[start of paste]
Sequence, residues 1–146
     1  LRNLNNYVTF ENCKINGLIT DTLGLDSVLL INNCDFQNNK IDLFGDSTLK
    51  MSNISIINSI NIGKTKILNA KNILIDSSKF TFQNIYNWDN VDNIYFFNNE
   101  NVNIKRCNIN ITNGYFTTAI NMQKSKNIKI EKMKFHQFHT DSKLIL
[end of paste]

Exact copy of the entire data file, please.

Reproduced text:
Sequence, residues 1–146
     1  LRNLNNYVTF ENCKINGLIT DTLGLDSVLL INNCDFQNNK IDLFGDSTLK
    51  MSNISIINSI NIGKTKILNA KNILIDSSKF TFQNIYNWDN VDNIYFFNNE
   101  NVNIKRCNIN ITNGYFTTAI NMQKSKNIKI EKMKFHQFHT DSKLIL